Bourdieu examines in detail the work of consecration which is carried out by the educational system - and especially in France by the grandes "ecoles," The work of consecration can be seen in operation in different historical periods, whenever a nobility is produced. Today the socially recognized groups function according to a logic similar to that which characterized the divisions between high and low in the "ancien regime." Today this state nobility is the heir - structural and sometimes even genealogical - of the "noblesse de "robe which, in order to consolidate its position in relation to other forms of power, had to construct the modern state and the republican myths, meritocracy and civil service which went along with it.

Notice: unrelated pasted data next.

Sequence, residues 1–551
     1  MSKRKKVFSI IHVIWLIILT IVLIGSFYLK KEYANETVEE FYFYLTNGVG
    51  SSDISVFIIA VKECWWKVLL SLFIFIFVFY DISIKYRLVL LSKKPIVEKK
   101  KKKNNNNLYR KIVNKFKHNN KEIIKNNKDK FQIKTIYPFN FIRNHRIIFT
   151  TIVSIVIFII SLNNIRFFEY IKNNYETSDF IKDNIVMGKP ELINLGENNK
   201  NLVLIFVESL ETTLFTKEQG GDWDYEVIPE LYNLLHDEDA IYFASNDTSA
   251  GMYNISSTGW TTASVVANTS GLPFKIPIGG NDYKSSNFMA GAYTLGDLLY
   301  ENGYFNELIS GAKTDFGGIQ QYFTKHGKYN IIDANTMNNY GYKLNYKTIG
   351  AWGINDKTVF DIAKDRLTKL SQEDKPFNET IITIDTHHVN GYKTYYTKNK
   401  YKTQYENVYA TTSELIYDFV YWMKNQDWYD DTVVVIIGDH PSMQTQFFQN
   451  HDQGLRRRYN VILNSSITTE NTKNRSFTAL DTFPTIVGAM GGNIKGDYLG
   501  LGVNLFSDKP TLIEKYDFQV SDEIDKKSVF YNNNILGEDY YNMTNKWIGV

Bourdieu examines the mechanisms which produce the kind of nobility displayed by those who govern, and the recognition granted to them by those who are governed by them.